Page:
Rotavirus Vaccines

Drug Levels and Effects:

Summary of Use during Lactation:

Rotavirus vaccines are used only in infants and are not indicated for use in women of childbearing age. Breastfeeding protects infants against acute gastroenteritis caused by rotavirus.[1] However, breastfeeding can affect theimmuneresponse of an infant to rotavirus vaccines.[2][3][4][5] The extent of the effect depends on the maternal anti-rotavirus antibody titer in breastmilk with higher titers found in less developed countries.[6][7] In a European study, no difference in rotavirus infection rates during the first season was seen between infants who were breastfed and formula-fed infants when they received rotavirus vaccination. In the second season, protection against infection was slightly less in breastfed infants.[5] Withholding breastfeeding for up to 2 hours before and after vaccine administration would likely minimize the interference.[6][8]

Drug Levels:

Maternal Levels.

Relevant published information was not found as of the revision date.

Infant Levels.

Relevant published information was not found as of the revision date.

Effects in Breastfed Infants:

A subset of 300 infants in a multicenter European rotavirus efficacy trial had antirotavirus IgA titers measured 1 to 2 months after the second rotavirus dose (Rotarix - GSK). Breast-fed infants had an 85.5 % conversion rate compared with 89.2 % rate in exclusively formula-fed infants, which was not statistically different. The serum antirotavirus IgA concentrations were 185.8 units/mL and 231.5 units/mL in the breastfed and exclusively formula-fed infants, respectively.[5]

Possible Effects on Lactation:

Relevant published information was not found as of the revision date.


1. Plenge-Bonig A, Soto-Ramirez N, Karmaus W et al. Breastfeeding protects against acute gastroenteritis due to rotavirus in infants. Eur J Pediatr. 2010;169:1471-6. PMID:20617343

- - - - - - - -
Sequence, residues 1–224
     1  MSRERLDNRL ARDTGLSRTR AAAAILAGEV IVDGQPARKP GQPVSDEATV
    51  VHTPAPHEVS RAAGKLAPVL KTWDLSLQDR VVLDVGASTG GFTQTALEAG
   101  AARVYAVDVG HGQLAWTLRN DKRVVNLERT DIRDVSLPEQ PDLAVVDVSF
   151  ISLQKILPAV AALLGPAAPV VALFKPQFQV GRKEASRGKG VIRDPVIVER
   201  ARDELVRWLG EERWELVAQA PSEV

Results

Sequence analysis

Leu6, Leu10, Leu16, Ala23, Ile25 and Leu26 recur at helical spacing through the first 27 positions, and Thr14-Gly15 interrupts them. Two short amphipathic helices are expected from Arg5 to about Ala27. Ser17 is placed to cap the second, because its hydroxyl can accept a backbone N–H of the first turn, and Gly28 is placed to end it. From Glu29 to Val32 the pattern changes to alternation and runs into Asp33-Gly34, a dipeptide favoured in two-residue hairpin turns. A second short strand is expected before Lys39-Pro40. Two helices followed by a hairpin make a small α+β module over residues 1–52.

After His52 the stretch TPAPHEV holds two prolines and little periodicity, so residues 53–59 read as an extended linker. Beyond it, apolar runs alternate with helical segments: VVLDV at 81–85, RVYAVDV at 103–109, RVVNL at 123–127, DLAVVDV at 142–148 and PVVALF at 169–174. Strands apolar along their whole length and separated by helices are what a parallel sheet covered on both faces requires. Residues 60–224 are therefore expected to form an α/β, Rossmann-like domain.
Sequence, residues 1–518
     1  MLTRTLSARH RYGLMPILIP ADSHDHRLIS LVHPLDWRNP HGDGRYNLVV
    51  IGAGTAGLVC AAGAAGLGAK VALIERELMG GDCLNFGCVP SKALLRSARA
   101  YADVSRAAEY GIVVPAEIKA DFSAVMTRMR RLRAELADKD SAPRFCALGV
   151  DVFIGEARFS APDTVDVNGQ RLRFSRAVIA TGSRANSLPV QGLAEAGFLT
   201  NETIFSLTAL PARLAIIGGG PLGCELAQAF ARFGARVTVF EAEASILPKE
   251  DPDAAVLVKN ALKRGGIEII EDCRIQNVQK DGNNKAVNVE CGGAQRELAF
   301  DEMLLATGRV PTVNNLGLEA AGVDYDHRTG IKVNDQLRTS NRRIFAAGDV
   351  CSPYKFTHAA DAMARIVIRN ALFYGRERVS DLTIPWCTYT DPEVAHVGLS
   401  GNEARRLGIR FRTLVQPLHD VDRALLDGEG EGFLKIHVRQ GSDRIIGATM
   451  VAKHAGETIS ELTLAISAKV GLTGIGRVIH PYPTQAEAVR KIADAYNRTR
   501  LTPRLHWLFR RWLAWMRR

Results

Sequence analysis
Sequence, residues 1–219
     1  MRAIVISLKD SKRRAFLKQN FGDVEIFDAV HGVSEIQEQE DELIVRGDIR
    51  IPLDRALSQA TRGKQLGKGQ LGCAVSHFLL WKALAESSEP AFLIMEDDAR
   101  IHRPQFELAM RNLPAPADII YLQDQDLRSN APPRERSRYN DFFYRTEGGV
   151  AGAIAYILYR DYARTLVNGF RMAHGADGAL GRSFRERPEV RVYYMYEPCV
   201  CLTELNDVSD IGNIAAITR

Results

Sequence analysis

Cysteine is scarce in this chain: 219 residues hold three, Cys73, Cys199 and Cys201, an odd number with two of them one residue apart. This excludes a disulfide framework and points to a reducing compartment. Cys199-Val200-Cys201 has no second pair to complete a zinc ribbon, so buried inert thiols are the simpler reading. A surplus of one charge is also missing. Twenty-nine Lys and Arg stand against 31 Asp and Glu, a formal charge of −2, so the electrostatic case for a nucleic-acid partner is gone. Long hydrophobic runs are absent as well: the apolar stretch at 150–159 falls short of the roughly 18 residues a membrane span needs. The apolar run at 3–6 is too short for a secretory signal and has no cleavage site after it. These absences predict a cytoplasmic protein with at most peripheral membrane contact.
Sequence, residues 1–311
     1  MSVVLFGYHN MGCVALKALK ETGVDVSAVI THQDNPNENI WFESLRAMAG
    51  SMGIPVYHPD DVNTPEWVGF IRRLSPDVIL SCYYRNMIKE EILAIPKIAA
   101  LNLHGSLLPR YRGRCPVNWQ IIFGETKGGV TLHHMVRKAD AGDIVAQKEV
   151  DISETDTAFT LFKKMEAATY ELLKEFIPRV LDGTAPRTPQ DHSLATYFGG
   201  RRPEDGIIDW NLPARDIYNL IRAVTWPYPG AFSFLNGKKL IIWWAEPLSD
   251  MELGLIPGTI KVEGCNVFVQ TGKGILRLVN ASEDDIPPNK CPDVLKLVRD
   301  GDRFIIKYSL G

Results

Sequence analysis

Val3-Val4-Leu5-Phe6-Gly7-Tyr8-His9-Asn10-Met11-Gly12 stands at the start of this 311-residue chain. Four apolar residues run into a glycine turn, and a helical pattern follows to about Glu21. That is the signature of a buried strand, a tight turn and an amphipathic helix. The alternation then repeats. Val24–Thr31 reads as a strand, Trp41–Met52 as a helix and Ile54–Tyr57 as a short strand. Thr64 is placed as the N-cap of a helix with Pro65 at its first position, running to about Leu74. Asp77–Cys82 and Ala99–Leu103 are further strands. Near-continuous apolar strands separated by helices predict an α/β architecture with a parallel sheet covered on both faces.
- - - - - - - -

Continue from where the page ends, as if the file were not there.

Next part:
2. Rennels MB. Influence of breast-feeding and oral polio vaccine on the immunogenicity and efficacy of rotavirus vaccines. J Infect Dis. 1996;174 (Suppl 1):S107-11. PMID:8752299
3. Goveia MG, Dinubile MJ, Dallas MJ, Heaton PM, Kuter BJ. Efficacy of pentavalent human-bovine (WC3) reassortant rotavirus vaccine based on breastfeeding frequency. Pediatr Infect Dis J. 2008;27:656-8. PMID:18520448
4. Pichichero ME. Effect of breast-feeding on oral rhesus rotavirus vaccine seroconversion: a metaanalysis. J Infect Dis. 1990;162:753-5. PMID:2167344
5. Vesikari T, Prymula R, Schuster V et al. Efficacy and immunogenicity of live-attenuated human rotavirus vaccine in breast-fed and formula-fed European infants. Pediatr Infect Dis J. 2012;31:509-13. PMID:22228235
6. Moon SS, Wang Y, Shane AL et al. Inhibitory effect of breast milk on infectivity of live oral rotavirus vaccines. Pediatr Infect Dis J. 2010;29:919-23. PMID:20442687
7. Chan J, Nirwati H, Triasih R et al. Maternal antibodies to rotavirus: Could they interfere with live rotavirus vaccines in developing countries? Vaccine. 2011;29:1242-7. PMID:21147127
8. Foster RH, Wagstaff AJ. Tetravalent human-rhesus reassortant rotavirus vaccine: a review of its immunogenicity, tolerability and protective efficacy against paediatric rotavirus gastroenteritis. BioDrugs. 1998;9:155-78. PMID:18020551

Substance Identification:

Substance Name:

Rotavirus Vaccines

Drug Class:

  • Vaccines

  • Viral Vaccines

  • Administrative Information:

    LactMed Record Number:


    Last Revision Date:

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